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Bursting buds are dicing with death


Scientists from the John Innes Centre (JIC), Norwich (1) have today reported that highly toxic compounds, called free radicals, are essential to plant growth. The researchers had found that the controlled production of free radicals is an essential first step in switching on the expansion of cells that underlies the growth of plant shoots, roots, leaves and buds. A phenomenon that is especially evident in the spring. The research is reported in the international scientific journal Nature.

"This is a completely novel discovery" said Dr Liam Dolan (leader of the research project at JIC). "For the first time we have strong evidence that all cell growth is controlled by the production of these highly reactive and therefore very toxic free radicals. At this time of year plants are juggling with a life and death balance as cells in sprouting seedlings and opening buds make high levels of these molecules in order to drive the expansion of new leaves, roots and shoots".

The research team have identified a gene (RHD2) that makes a protein, which produces free radicals(2). They have demonstrated that controlled production of free radicals by RHD2 stimulates calcium channels in the membranes of cells resulting in calcium being taken up by the cells. The accumulation of calcium in turn activates cell expansion. The scientists measured cell growth in roots and root hairs of Arabidopsis thaliana(3). In plants where the RHD2 gene was inactivated by a mutation the roots and root hairs were stunted. The multidisciplinary team used sophisticated microscopy to reveal the effect of RHD2 on free radical production and calcium movement into cells.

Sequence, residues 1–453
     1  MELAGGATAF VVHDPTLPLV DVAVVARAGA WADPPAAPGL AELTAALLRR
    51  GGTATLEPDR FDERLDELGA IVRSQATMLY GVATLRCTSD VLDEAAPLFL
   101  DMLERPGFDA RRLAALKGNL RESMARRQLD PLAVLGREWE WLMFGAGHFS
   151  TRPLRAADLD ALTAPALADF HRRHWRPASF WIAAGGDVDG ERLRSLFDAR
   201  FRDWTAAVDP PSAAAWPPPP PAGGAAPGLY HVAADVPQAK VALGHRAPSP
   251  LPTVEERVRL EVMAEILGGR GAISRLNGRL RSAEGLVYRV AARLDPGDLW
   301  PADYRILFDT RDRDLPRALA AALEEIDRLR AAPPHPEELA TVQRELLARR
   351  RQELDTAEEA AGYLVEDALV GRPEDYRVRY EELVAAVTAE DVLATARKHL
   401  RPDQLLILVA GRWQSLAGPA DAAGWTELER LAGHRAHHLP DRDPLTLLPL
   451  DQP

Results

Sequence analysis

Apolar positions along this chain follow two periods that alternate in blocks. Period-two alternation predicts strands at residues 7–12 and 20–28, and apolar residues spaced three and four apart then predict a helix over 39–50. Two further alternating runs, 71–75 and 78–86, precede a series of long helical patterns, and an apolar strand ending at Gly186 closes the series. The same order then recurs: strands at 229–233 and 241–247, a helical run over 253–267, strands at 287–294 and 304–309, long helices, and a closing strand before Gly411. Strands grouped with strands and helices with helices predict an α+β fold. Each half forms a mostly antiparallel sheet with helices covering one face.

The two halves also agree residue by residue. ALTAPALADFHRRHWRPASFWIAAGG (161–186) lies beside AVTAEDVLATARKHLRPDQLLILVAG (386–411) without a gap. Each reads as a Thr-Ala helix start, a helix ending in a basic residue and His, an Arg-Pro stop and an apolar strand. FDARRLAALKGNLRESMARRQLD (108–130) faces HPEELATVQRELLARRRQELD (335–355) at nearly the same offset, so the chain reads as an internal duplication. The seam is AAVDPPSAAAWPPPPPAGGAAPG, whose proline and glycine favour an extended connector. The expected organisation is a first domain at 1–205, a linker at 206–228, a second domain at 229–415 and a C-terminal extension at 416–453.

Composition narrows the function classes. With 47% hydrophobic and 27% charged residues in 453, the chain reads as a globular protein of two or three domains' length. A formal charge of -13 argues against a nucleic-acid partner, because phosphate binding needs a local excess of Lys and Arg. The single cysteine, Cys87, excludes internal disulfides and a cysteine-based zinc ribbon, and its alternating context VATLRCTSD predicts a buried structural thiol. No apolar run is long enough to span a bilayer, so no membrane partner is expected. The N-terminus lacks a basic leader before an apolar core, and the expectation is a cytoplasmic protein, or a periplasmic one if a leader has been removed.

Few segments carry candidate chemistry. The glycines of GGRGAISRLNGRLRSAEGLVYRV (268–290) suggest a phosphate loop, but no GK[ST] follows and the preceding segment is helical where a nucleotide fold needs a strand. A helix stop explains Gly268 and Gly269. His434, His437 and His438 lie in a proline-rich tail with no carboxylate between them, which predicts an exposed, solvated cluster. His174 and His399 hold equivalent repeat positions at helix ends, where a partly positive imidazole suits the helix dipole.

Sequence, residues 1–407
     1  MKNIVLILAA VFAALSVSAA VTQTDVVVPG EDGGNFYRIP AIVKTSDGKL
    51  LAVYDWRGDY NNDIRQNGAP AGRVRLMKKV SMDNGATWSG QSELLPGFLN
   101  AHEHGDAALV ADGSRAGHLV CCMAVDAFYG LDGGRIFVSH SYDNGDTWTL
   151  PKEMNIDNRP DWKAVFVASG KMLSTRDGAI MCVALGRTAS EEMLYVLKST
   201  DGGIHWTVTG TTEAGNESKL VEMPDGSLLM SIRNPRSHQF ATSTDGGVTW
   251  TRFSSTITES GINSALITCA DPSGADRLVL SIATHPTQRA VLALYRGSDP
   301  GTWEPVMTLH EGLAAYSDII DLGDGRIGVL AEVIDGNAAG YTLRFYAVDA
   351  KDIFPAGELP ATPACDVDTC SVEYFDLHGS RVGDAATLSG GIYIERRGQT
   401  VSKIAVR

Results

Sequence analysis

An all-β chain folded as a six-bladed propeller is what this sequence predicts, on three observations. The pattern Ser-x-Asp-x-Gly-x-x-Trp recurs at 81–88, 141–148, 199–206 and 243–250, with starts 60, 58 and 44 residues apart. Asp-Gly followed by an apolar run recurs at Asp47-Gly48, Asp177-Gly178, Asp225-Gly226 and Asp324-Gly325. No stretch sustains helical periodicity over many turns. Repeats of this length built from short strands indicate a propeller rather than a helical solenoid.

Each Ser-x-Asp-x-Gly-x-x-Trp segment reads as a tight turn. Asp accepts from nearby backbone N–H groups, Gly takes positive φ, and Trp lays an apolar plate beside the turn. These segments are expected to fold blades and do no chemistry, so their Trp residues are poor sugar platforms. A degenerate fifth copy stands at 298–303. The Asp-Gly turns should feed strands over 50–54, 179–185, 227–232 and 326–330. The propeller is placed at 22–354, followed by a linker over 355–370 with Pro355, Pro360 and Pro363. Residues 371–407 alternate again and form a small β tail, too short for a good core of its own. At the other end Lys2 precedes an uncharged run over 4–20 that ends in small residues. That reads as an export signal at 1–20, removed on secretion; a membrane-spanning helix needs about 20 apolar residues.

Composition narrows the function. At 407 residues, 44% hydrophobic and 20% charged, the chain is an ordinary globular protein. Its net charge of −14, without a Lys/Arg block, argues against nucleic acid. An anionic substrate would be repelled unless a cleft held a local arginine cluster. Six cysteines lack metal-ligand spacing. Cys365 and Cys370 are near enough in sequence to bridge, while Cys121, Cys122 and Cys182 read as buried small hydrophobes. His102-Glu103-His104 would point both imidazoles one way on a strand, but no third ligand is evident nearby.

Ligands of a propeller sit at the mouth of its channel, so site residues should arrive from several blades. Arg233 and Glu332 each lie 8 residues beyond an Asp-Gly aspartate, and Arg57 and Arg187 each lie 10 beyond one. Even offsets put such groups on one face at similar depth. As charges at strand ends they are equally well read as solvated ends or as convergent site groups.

Free radicals have a two-edged role in biology.
They are produced by many living systems as a by-product of normal metabolism. In humans they are known to cause cancer by damaging DNA (the genetic material) but they also have an important role in the immune system where they are used to kill viruses and bacteria invading the body. This report describes a similar two-edged role in plants for these powerful toxins that play an essential role in plant growth.

"RHD2 is one of a large family of genes involved in free radical production. Variation in the activities of different genes in the family could cause differences in plant height and leaf size, in fact anything affected by cell expansion", concludes Dr Dolan. "It may be possible to screen plants for differences in the RHD2 gene family and match this to differences in their appearance. This would give us new information about how the shape and size of plants is controlled and how breeders might alter these characteristics in precise ways".

Ray Mathias | alfa

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